A very curious solicitation from the US DOD requests “explosive” 3D printer materials.
The US Department of Defense is a massive organization that’s constantly requesting vendors to supply all manner of equipment and supplies. To do so, they operate a sophisticated solicitation system where you can see in some detail their requests.
Now Solicitation DoD 2017.1 N171-060, “Development of Explosive Feedstock for Commercial-off-the-Shelf (COTS) 3D Printers”, seeks “explosive feedstock”. From the description:
The U.S. Navy requires a near-term, affordable solution to develop explosive feedstock for use in the additive manufacturing (3D printing) of warheads, propellants, and pyrotechnic systems.
Explosive formulations for use in military applications have traditionally utilized elastomeric (polymer) materials, which provide the requisite mechanical, chemical, and aging properties necessary for ordnance. Thus, a gap has formed between additive manufacturing of explosives for use in Navy ordnance and the availability of feedstock applicable to explosive printing.
Why is the US Navy asking for this material? They explain here:
The development of explosive feedstock for use in commercial-off-the-shelf 3D printer systems would enable the replacement of existing manufacturing processes in particular for low production volume, smaller ordnance items that would yield significant cost savings (= 25% cost reduction per item) to the Navy. Therefore, the proposers shall provide a business case analysis that projects the costs of the proposed energetic feedstock and that feedstocks production costs at a range of volumes produced (on the order of 100 to 1000 items).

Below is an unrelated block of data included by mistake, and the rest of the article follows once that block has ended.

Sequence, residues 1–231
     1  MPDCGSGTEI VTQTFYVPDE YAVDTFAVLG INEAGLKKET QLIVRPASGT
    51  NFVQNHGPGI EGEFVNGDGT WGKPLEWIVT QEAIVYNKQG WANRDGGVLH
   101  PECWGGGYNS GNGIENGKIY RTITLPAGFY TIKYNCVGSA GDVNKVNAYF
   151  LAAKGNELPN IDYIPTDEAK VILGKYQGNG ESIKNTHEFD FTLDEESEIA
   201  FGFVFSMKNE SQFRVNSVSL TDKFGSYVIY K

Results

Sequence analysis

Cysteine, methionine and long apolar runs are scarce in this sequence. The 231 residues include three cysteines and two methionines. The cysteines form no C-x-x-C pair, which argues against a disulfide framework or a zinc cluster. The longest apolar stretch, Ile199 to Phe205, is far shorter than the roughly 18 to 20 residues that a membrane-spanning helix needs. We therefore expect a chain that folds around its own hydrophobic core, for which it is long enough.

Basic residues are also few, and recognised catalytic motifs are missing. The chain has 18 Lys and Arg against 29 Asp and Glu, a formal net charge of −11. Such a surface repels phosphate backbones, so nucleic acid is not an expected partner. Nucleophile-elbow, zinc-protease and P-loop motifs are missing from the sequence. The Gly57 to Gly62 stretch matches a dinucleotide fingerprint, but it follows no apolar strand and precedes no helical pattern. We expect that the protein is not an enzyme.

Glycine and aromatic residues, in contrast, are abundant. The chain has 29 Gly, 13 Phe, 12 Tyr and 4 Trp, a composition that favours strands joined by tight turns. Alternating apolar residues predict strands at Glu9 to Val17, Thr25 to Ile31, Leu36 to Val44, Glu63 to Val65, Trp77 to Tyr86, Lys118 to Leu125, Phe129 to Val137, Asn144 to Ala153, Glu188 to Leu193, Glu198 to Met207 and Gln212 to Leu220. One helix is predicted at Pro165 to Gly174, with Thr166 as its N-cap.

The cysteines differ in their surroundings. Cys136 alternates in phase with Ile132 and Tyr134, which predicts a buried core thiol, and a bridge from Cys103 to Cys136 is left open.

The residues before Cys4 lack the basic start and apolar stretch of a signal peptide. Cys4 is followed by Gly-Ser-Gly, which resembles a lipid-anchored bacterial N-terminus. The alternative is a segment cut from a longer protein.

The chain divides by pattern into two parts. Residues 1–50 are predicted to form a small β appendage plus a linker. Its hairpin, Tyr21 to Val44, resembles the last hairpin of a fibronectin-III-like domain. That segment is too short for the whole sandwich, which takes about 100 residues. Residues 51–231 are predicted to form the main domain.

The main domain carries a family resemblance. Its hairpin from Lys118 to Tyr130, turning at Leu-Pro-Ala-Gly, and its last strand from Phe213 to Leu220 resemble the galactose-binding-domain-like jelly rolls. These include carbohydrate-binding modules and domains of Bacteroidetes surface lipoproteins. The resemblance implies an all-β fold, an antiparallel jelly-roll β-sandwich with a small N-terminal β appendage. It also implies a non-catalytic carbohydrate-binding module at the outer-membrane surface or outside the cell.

This turns out to be the same reason industry often looks toward 3D printing: low volume manufacturing can be less expensive than traditional methods.
The US Navy is looking for a solution that meets their needs, which are considerable. Their requirements include a capability for “aging”, as such ordnance might be unused for many years yet still require extreme reliability if used.
The project is divided into three phases:
- Develop and demonstrate a concept
- Develop a practical system to produce the explosive material
- Implement the new technology in a production setting
What’s interesting about this proposal is that the requested material is intended to be used in “everyday” 3D printers. One can imagine a field base equipped with such a 3D printer; it could then, with this material, produce ordnance of required shapes on demand, perhaps from digital designs sent from headquarters.
Another interesting aspect of this material would be the safety considerations. It’s possible the material could be explosive before printing, and thus would require hefty storage methods and handling processes. It could be more dangerous than storage of metal powders, currently one of the trickiest safety problems in the 3D printing space.
One more thing: don’t expect to see this stuff at your favorite 3D printer filament outlet anytime soon.
Via SBIR (Hat tip to Mike)